New York Daily News
March 25, 1986

A Chaotic Clash of Cultures
by Kay Gardella

An off-the-wall comedy, "Perfect Strangers," steps into the slot temporarily vacated by "Growing Pains" tonight (Ch. 7, 8:30 - 9).  Judging from its premiere, the ABC show won't be a stranger for long.

Bronson Pinchot, a hilarious standout in "Beverly Hills Cop," is cast as Balki Bartokomous, an immigrant from an unidentified Mediterranean island country.  One day, he bursts into the Chicago apartment of Larry Appleton (Mark Linn-Baker), whom Balki insists is a distant relative -- so distant, in fact, it's hard to make the connection.

Appleton has just settled into his first bachelor pad, having recently arrived in the city from a small Midwestern town for his first full-time job, working in a small discount store.  Of course, Larry doesn't know Balki from Adam.  The young immigrant, dressed like a peasant and carrying his belonging in a basket, has come to America -- the land of his dreams.

Appealing characters

Both characters have tremendous appeal.  "You have no idea how many people don't know you," says Balki to Larry in a thick accent that could be from anywhere.  He's amazed when he sees pink lemonade, and despite his naivete, he tries to pretend he's hip and knows more than he does.  His favorite response is "Don't be ridiculous."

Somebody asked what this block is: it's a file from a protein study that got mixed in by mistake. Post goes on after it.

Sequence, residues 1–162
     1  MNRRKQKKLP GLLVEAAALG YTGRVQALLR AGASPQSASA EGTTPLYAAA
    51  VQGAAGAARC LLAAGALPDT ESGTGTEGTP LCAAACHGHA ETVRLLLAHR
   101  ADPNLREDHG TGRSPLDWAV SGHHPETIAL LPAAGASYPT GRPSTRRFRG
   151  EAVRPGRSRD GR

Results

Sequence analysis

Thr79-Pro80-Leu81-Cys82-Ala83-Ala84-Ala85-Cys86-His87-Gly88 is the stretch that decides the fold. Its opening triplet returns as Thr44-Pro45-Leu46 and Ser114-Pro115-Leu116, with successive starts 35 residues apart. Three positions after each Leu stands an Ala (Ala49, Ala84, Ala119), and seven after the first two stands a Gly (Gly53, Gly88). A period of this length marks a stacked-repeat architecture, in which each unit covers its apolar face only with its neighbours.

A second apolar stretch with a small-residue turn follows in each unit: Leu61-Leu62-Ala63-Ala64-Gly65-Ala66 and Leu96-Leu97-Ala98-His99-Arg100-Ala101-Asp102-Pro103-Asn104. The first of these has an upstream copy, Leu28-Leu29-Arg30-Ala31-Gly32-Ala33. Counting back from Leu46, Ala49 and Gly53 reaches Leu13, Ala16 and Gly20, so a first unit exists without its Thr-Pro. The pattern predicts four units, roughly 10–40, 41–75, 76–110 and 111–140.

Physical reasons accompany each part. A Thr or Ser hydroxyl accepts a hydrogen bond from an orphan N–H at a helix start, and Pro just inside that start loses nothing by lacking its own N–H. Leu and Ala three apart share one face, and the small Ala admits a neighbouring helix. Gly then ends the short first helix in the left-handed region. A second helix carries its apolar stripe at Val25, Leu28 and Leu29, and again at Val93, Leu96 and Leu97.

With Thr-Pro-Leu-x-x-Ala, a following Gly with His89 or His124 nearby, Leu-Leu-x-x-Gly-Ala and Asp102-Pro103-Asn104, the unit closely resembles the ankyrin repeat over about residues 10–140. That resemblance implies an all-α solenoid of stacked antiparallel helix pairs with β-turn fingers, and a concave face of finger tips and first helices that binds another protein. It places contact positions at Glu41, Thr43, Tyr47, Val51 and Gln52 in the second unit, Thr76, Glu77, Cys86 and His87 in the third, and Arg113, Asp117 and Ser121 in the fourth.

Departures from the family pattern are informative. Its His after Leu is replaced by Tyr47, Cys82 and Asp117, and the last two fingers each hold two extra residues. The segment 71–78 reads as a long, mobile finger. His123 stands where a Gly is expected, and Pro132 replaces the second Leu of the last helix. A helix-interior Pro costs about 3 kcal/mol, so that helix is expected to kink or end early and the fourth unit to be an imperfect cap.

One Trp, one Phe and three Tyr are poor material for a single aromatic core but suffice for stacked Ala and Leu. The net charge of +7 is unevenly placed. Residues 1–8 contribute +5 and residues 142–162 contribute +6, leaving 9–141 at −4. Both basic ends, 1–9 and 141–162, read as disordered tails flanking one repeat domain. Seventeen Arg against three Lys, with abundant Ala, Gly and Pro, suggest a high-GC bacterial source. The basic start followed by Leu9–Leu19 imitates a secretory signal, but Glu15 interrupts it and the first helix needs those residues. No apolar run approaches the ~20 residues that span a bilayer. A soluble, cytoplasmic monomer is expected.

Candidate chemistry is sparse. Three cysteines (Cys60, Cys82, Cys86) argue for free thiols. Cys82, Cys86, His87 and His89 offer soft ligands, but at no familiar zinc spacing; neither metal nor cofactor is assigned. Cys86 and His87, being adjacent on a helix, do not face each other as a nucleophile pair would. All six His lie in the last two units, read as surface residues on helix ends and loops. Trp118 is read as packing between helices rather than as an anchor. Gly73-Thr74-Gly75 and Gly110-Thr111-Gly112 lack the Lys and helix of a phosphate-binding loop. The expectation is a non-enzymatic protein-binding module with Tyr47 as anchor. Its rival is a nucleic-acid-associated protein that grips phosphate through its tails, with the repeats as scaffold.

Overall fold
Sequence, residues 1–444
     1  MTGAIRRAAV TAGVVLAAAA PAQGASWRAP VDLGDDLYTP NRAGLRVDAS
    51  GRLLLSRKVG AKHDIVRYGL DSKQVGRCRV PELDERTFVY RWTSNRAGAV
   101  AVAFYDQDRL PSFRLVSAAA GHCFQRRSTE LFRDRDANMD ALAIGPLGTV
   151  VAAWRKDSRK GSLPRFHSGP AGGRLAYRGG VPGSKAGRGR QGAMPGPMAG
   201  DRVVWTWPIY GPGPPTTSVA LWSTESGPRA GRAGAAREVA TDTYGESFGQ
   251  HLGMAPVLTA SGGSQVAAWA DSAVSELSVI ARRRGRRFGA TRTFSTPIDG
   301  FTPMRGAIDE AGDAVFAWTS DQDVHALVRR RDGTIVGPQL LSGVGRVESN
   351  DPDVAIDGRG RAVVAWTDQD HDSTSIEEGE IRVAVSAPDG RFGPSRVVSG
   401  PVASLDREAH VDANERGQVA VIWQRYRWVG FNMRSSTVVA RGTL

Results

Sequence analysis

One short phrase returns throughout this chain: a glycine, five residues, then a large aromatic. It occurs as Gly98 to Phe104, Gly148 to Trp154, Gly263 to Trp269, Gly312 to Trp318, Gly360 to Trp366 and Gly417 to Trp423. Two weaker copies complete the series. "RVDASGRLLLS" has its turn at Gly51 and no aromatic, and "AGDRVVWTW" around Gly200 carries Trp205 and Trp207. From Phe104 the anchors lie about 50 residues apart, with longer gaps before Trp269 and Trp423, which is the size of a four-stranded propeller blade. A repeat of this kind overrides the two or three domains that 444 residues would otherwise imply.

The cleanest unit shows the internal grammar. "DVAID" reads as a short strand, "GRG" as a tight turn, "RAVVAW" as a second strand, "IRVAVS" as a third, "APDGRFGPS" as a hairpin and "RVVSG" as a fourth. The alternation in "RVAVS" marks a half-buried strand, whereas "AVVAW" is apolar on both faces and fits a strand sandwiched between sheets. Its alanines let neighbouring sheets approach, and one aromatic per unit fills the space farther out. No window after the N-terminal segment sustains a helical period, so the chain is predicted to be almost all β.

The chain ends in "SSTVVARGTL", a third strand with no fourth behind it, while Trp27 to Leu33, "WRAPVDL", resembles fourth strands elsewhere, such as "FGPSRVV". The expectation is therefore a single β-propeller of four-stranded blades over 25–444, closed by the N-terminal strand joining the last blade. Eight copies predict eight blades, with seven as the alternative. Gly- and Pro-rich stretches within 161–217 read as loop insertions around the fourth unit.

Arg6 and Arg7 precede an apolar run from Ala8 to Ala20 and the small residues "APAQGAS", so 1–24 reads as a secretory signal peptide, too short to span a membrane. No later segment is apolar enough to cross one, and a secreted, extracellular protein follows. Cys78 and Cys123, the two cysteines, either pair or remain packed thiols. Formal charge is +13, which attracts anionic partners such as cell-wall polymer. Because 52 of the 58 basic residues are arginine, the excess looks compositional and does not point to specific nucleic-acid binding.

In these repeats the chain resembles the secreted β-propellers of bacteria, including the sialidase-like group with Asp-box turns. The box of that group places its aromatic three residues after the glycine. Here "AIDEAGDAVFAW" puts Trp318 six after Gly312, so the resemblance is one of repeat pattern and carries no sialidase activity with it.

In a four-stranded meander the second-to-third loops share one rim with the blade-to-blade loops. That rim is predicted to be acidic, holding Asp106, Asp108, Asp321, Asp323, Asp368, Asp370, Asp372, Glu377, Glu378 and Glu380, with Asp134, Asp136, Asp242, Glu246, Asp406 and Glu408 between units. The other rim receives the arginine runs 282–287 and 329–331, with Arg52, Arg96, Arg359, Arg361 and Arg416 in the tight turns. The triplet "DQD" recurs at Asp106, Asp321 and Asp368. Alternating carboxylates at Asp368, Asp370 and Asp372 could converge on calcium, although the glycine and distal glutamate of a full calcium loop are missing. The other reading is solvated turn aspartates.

You could call him a quick study, but he gets things only half right.  When he's asked if he can fix a problem in a radio, he replies, "Of course I can.  It's probably in the picture tube."

Larry, who explains that he's from a large family, tells Balki: "I want to live alone."  "Don't worry about me," replies the devastated immigrant with a stiff upper lip, as he prepares to leave, "I know where I'm going."

"Where are you going?" asks Larry with concern.  "I don't know," says Balki.

Appleton's girlfriend, Susan Campbell, is fetchingly played by Lise Cutter.  When Balki sees her, he declares, "I can die happy now."  When he can't find ads in the classified for shepherds -- his family's occupation for generations -- he goes to work with Larry, whose boss is a portly, no-nonsense, profit-hungry type named Donald "Twinkie" Twinkacetti (Ernie Sabella).

Here, the real fun begins.  Left on his own, Balki is ordered to stand in one place and not move.  "You're not exactly pushing me to my outer limits," he responds, remaining motionless just as a buyer comes in seeking a chair.  Balki tells him to look at the price tag.  Sensing he has a rookie on his hands, the fellow says, "You don't go by the price tag.  You negotiate."  Later, when Larry is shocked to find his pal has sold a $125 item for $45, Balki tells him: "Don't be ridiculous.  You don't go by the price tag."

While we're not comparing it to "Mork & Mindy," it does have the same offbeat, refreshing impact of the earlier ABC series.  The two headliners work well together, and since both are likeable, one would easily consider visiting them again.

The script is by co-executive producer Dale K. McRaven, who created and produced "Mork & Mindy" (Robin Williams, Pam Dawber) and "Angie," starring Donna Pescow.  The other executive producers, Thomas L. Miller and Robert L. Boyett, held the same positions on "Happy Days," "Laverne & Shirley," Bosom Buddies" and NBC's new hit, "Valerie."  Director Joel Zwick has a nice feel for comedy.  The show is definitely worth a try.